Cerebral ischemia is a life-threatening condition associated with a substantial morbidity and mortality. Hyperglycemia, a common coexisting phenomenon in both stroke and cardiac arrest (CA), may further aggravate ischemic brain injury. To date, the therapeutic possibilities are lim-ited and the search for new treatment modalities is warranted. One aspect of such a research could be to better understand the cerebral pathogenesis induced by hyperglycemic ischemia-reperfusion.

We investigated the combination of ischemia and hyperglycemia in two experimental models of stroke and CA. The aims were to test the neuroprotective potential of the sulfonated nitrone 2-sulfophenyl-N-tert-butylnitrone (S-PBN) in focal hyperglycemic cerebral ischemia (1), to outline the short-terms effects of hyperglycemia in prolonged (2) and short CA (3) and to performed a global transcriptome analysis of brain from hyperglycemic and normoglycemic CA (4).

In a stroke model rats were made hyperglycemic prior to transient middle cerebral artery oc-clusion and randomized to S-PBN or saline. We found that S-PBN may ameliorate hyperglyce-mic-ischemic brain damage by improving the neurological performance after 1 day of survival, but did not reduce the infarct size.

To study the cerebral oxidative state and perfusion after CA, pigs were randomized and clamped at blood glucose levels of 8.5 ̶ 10.0 mmol/L (high) and 4.0 ̶ 5.5 mmol/L (normal), sub-jected to 12 ̶ min of CA, followed by 8 min of cardiopulmonary resuscitation (CPR), and ob-served for 180 min.

Increased oxygenation was found at higher glucose levels measured by near-infrared light spec-troscopy after CA. Tendencies toward increased protein S100β and 15-keto-dihydro-prostaglandin F2α were observed in the hyperglycemic group.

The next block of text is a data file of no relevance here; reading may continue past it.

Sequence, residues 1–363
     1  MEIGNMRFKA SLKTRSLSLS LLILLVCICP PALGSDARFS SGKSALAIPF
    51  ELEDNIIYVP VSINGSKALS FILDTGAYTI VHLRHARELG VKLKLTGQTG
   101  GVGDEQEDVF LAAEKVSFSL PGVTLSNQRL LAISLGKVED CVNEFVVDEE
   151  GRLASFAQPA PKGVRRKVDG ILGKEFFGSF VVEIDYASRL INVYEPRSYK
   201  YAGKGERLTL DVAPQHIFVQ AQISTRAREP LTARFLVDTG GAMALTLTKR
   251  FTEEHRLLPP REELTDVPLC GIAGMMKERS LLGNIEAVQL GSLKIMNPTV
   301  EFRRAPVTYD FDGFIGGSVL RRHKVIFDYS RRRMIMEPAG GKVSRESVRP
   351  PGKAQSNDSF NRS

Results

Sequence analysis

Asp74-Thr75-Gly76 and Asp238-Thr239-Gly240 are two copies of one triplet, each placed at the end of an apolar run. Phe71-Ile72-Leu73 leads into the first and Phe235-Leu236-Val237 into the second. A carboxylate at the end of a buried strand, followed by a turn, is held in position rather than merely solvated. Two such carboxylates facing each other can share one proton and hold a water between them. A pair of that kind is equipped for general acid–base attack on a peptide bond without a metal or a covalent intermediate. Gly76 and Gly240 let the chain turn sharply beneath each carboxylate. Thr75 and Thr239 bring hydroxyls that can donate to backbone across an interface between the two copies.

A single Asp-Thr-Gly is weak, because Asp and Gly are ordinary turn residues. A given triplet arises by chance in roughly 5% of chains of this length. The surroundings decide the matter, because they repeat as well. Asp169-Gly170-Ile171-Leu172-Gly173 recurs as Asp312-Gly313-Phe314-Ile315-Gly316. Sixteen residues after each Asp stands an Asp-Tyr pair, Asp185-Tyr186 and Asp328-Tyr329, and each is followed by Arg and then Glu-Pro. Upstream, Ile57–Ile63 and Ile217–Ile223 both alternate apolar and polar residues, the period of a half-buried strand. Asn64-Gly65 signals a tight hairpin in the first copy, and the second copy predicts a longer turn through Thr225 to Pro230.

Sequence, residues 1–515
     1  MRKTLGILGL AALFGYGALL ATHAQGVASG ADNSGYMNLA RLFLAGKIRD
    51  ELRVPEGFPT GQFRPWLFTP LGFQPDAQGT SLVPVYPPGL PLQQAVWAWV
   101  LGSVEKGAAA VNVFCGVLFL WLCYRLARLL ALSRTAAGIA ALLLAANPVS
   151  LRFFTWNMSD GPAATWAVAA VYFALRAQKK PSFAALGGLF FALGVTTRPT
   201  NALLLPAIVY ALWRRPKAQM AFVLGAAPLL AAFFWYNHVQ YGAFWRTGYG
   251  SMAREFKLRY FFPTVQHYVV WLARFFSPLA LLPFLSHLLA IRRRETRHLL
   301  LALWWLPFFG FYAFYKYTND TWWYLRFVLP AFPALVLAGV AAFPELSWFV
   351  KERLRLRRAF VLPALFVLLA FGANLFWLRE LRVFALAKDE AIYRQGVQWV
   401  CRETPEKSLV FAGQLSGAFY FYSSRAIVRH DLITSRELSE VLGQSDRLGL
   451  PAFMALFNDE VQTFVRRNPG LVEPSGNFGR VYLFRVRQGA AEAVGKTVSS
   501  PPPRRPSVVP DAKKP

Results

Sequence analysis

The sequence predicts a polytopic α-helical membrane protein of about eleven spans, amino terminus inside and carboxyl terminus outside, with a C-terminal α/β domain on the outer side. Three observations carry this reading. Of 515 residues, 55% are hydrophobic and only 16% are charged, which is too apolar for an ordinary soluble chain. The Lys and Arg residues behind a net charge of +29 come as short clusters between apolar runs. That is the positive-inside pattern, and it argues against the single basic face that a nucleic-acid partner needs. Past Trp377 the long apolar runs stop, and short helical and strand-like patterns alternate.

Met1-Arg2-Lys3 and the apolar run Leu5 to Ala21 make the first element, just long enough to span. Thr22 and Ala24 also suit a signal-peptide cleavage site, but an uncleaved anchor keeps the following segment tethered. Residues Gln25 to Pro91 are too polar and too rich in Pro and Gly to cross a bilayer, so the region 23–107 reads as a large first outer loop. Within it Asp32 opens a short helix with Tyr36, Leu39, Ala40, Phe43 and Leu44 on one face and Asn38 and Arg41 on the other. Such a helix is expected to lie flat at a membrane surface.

We hypothesized that in combination with a brief period of CA, the preischemic hyperglycemia would worsen the cerebral injury compared with normoglycemia. We used a glycemic protocol similar to that in Paper II, whereby pigs were subjected to 5 ̶ min of CA, followed by 8 min of CPR, and observed for 180 mins. An increased level of the cerebral marker S100β was found in hyperglycemic pigs compared with normoglycemic pigs after CA.

Global transcriptome analysis using microarray analysis revealed a different early metabolic gene expression in hyperglycemic CA compared with normoglycemic CA.  

Place, publisher, year, edition, pages
Uppsala: Acta Universitatis Upsaliensis, 2015. 86 p.
Digital Comprehensive Summaries of Uppsala Dissertations from the Faculty of Medicine, ISSN 1651-6206 ; 1089
brain ischemia, cardiac arrest, cytokines, gene expression, glucose, hyperglycemia, microarray, oxidative stress, pigs, rats, reperfusion, resuscitation S100β
National Category
Research subject
Anaesthesiology and Intensive Care; Neuroscience
urn:nbn:se:uu:diva-247763 (URN)978-91-554-9216-8 (ISBN)
Public defence
2015-05-28, Enghoffsalen, Entrance 50, Akademiska Sjukhuset, Uppsala, 13:00 (Swedish)
Available from: 2015-05-07 Created: 2015-03-23 Last updated: 2015-07-07

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Molnar, MariaBergquist, MariaLarsson, AndersWiklund, LarsLennmyr, Fredrik